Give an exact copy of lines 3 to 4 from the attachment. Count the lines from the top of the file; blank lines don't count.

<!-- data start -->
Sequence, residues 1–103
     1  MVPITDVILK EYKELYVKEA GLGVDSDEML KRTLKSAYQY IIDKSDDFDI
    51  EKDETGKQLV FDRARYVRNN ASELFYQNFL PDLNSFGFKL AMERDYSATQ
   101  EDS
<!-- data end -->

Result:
    51  EKDETGKQLV FDRARYVRNN ASELFYQNFL PDLNSFGFKL AMERDYSATQ
   101  EDS